Avoid taking aspirin, ibuprofen, and other nonsteroidal anti-inflammatory drugs (NSAIDs) for longer than a few days at a time. If you are taking one of these medicines daily, for example taking aspirin for heart problems, ask your doctor about taking medicine to help protect your stomach and intestines from ulcers.

    • Drink alcohol only in moderation.

      Limit alcohol to 2 drinks a day for men and 1 drink a day for women.

  • Diagnosis

    Who can diagnose and treat peptic ulcer disease?

    To evaluate your symptoms, see your:

    • Family medicine physician.
    • Internist.
    • General practitioner.
    • Nurse practitioner (NP).
    • Physician assistant (PA).
    • Pediatrician (for children and teens).

    If further testing or treatment is needed, you may need to see someone who specializes in the treatment of diseases of the digestive tract (gastroenterologist).

    If surgery is needed, your doctor may refer you to a general surgeon. But surgery is rarely needed to treat ulcers.

  • Treatment

    How are peptic ulcers treated?

    To treat peptic ulcers, most people need to take medicines that reduce the amount of acid in the stomach. If you have an H. pylori infection, you will also need to take antibiotics.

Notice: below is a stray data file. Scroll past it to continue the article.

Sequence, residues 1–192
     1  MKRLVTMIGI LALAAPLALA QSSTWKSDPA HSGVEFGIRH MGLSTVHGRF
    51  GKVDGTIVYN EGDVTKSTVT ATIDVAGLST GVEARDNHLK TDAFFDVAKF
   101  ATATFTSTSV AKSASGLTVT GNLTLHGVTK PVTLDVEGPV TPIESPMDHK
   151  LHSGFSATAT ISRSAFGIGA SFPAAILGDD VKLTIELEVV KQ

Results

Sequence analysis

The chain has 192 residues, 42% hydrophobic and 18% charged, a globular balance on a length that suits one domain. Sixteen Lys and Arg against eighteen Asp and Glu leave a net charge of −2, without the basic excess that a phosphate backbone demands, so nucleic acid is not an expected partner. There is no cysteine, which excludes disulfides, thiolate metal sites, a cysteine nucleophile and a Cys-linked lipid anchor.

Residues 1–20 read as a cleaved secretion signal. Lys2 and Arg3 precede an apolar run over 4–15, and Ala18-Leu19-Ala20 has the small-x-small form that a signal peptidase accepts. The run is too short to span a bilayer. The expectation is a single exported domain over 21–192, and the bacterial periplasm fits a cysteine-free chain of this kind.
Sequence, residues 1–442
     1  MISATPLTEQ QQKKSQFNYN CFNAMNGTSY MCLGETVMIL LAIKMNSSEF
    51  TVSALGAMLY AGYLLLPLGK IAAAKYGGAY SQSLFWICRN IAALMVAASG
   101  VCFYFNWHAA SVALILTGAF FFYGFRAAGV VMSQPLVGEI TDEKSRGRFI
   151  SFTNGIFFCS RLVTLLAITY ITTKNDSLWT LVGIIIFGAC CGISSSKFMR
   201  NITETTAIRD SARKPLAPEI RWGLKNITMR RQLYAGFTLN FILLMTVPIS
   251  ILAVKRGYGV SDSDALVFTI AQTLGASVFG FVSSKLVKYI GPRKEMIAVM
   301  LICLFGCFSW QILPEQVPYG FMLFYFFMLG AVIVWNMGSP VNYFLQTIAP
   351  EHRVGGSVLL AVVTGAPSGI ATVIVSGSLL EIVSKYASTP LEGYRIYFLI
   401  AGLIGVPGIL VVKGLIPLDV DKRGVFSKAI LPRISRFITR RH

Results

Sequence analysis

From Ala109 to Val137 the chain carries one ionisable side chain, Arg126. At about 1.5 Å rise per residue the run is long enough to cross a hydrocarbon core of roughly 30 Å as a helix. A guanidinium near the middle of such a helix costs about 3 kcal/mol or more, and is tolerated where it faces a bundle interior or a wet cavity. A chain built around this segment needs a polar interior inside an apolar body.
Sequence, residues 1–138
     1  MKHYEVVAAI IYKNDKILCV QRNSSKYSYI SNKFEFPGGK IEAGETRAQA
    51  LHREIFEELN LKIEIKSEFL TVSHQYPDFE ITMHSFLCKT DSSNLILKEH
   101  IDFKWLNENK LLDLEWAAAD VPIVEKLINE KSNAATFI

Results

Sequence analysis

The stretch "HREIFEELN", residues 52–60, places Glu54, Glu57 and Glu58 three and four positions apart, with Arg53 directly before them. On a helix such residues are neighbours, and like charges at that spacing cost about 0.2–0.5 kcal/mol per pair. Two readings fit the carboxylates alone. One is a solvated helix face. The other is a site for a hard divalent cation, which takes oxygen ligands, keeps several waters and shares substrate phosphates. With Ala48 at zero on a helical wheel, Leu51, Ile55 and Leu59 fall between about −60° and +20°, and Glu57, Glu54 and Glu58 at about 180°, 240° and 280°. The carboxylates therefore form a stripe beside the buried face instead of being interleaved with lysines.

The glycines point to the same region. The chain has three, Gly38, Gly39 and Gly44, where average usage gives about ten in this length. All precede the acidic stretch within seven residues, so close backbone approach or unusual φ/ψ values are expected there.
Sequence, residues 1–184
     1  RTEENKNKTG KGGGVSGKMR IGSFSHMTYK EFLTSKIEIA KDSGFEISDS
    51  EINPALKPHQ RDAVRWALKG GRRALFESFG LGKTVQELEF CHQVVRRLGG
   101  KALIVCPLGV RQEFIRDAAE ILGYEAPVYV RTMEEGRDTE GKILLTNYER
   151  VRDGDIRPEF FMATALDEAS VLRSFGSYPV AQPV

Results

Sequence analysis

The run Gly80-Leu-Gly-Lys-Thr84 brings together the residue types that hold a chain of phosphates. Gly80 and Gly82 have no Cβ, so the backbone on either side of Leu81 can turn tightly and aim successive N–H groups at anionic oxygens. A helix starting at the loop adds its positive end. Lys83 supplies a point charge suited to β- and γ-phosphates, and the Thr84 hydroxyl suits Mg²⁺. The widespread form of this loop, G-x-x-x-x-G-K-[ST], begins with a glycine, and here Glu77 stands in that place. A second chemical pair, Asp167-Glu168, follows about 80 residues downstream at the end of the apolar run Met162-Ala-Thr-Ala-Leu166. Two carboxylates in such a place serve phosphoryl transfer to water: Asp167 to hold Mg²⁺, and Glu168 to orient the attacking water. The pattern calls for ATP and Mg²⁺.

You can help speed the healing of your ulcer and prevent it from coming back if you quit smoking and limit alcohol. If you keep using medicines such as aspirin, ibuprofen, or naproxen, you may increase the chance of your ulcer coming back.

    Surgery is rarely used to treat an ulcer. But if your ulcer doesn't heal, or if you have life-threatening complications, you may need surgery.

    Ignoring symptoms of an ulcer isn't a good idea. An ulcer needs to be treated. While symptoms can go away for a short time, you may still have an ulcer. Left untreated, an ulcer can cause life-threatening problems. Even with treatment, some ulcers may come back and may need more treatment.

  • When to call

    Peptic ulcer disease: When to call

    Call 911 anytime you think you may need emergency care. For example, call if:

    • You vomit blood or what looks like coffee grounds.
    • You pass maroon or very bloody stools.

    Call your doctor now or seek immediate medical care if:

    • You have new or worse belly pain.
    • Your stools are black and look like tar, or they have streaks of blood.
    • You vomit.

    Watch closely for changes in your health, and be sure to contact your doctor if:

    • You do not get better as expected.
  • Self-care

    How can you care for peptic ulcer disease?

    • Be safe with medicines. Take your medicines exactly as prescribed. Call your doctor if you think you are having a problem with your medicine.
    • Do not take aspirin or other NSAIDs such as ibuprofen (Advil or Motrin) or naproxen (Aleve). Ask your doctor what you can take for pain.
    • Do not smoke. Smoking can make ulcers worse. If you need help quitting, talk to your doctor about stop-smoking programs and medicines. These can increase your chances of quitting for good.
    • Drink in moderation or avoid drinking alcohol.
    • Eat a balanced diet of small, frequent meals. See a dietitian if you need help planning your meals.

    Copyrighted material adapted with permission from Healthwise, Incorporated. This information does not replace the advice of a doctor.